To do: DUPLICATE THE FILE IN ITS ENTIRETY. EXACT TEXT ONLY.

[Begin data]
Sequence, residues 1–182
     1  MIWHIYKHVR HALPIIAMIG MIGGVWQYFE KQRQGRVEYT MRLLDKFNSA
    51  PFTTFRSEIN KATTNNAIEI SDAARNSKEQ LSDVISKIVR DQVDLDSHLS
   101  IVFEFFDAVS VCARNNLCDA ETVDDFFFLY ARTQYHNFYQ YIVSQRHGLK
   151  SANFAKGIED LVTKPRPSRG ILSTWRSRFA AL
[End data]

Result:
Sequence, residues 1–182
     1  MIWHIYKHVR HALPIIAMIG MIGGVWQYFE KQRQGRVEYT MRLLDKFNSA
    51  PFTTFRSEIN KATTNNAIEI SDAARNSKEQ LSDVISKIVR DQVDLDSHLS
   101  IVFEFFDAVS VCARNNLCDA ETVDDFFFLY ARTQYHNFYQ YIVSQRHGLK
   151  SANFAKGIED LVTKPRPSRG ILSTWRSRFA AL